Chui HS, Chan KF, Chung CH, Ma K, Au KW. A comparison of emergency department admission and discharge diagnosis: Retrospective study. Hong Kong J Emerg Med 2003;10:70-5.  Back to cited text no. 6
    
7.
Parashuraman A, Zeithanol VA, Berry LL. A conceptual model of service quality and its implications in future research. J Mark 1985;49:41-50.  Back to cited text no. 7
    
8.
Arah OA, Klazinga NS, Delnoij DM, ten Asbroek AH, Custers T. Conceptual frameworks for health systems performance: A quest for effectiveness, quality, and improvement. Int J Qual Health Care 2003;15:377-98.  Back to cited text no. 8
    
9.
Donabedian A. Evaluating the quality of medical care. Milbank Mem Fund Q 1966;44:166-206.  Back to cited text no. 9
    
10.
World Health Organization. International Statistical Classification of Diseases and Related Health Problems. Geneva: World Health Organization; 2004.  Back to cited text no. 10
    
11.
Pillay R. The skills gap in hospital management: A comparative analysis of hospital managers in the public and private sectors in South Africa. Health Serv Manage Res 2010;23:30-6.  Back to cited text no. 11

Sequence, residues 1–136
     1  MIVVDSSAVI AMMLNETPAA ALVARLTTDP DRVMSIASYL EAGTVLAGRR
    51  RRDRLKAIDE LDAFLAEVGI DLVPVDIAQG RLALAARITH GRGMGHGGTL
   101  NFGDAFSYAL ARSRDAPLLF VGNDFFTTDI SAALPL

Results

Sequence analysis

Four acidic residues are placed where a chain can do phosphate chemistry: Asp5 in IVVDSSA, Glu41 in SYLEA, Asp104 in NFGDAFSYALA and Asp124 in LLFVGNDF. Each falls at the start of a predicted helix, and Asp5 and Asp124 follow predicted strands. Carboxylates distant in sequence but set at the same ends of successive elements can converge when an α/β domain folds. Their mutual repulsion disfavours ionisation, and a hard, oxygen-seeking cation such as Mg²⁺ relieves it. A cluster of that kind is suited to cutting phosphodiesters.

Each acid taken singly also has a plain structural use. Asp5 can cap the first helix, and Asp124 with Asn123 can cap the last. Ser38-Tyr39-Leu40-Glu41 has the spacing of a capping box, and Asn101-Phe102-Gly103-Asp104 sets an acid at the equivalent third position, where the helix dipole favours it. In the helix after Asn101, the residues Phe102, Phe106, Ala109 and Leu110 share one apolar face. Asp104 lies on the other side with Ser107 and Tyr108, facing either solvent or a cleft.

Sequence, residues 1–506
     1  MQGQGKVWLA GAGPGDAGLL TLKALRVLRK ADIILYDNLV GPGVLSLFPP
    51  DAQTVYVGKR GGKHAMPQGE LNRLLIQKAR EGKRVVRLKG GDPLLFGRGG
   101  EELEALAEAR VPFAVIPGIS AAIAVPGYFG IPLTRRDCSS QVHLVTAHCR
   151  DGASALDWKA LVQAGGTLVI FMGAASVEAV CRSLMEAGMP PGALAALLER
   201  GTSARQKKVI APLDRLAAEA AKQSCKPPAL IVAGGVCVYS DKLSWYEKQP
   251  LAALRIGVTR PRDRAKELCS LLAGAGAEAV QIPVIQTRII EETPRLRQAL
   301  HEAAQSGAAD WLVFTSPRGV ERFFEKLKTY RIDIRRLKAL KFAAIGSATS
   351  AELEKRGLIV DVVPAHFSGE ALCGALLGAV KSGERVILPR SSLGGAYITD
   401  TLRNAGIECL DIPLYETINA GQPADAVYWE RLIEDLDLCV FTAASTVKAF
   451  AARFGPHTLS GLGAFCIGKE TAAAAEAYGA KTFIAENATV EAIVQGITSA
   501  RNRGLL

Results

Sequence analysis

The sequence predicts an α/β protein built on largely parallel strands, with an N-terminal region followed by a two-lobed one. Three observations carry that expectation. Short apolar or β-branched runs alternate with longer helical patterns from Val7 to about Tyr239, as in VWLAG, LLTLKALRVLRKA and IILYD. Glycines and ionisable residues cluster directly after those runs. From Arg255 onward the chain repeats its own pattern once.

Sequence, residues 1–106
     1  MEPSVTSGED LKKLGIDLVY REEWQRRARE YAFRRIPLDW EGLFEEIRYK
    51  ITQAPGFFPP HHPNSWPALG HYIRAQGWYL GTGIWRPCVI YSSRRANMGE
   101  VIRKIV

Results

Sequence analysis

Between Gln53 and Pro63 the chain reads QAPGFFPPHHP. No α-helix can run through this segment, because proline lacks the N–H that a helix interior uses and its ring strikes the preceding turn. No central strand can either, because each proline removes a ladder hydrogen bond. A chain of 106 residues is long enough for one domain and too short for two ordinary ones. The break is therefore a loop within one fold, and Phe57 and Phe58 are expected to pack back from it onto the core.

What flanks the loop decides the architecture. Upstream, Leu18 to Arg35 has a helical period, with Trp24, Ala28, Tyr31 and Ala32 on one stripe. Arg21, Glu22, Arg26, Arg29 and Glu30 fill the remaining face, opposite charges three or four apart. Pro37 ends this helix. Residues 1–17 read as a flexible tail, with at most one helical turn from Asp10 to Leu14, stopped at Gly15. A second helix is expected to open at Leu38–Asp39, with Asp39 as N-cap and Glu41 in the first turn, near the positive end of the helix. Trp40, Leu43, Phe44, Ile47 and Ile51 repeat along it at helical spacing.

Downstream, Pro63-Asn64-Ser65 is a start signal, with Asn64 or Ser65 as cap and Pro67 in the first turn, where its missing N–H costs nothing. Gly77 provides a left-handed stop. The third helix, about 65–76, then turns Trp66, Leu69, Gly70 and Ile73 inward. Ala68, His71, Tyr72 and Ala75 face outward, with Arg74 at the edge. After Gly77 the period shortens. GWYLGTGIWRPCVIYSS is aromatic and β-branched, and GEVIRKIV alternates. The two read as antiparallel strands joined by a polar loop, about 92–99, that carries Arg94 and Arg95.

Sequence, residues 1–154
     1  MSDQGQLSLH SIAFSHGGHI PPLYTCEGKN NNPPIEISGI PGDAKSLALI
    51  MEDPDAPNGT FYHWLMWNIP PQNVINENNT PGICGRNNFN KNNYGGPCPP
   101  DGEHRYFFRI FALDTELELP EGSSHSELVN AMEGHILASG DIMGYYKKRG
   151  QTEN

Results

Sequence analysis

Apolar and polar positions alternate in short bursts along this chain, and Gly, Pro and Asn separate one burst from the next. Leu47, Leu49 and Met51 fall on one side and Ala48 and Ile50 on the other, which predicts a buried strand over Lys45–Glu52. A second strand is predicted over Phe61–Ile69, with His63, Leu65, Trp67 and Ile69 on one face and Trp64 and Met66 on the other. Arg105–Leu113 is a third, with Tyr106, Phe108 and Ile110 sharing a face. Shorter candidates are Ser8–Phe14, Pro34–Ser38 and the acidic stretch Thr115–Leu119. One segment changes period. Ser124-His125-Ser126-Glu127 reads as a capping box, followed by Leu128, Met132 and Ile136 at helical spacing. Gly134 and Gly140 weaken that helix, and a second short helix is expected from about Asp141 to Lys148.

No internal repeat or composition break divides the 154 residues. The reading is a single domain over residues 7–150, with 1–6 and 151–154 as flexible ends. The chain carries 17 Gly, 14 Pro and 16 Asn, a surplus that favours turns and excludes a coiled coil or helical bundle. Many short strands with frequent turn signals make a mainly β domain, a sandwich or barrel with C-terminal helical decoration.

12.
Richardson WC. Crossing the Quality of Chasm: A New Health System for 21 st Century. Washington, DC: The National Academic Press; 2001. p 1-8.  Back to cited text no. 12
    
13.
Walker R, Morgan P. Involving doctors in management. A survey of the management development career needs of selected doctors in NHS Wales. J Manag Med 1996;10:31-52.  Back to cited text no. 13
    
14.
Balderson S, MacFadyen U. Management training for doctors: An in-house approach. J Manag Med 1994;8:17-9.  Back to cited text no. 14
    


    Figures

  [Figure 1], [Figure 2]
 
 
    Tables

  [Table 1], [Table 2], [Table 3]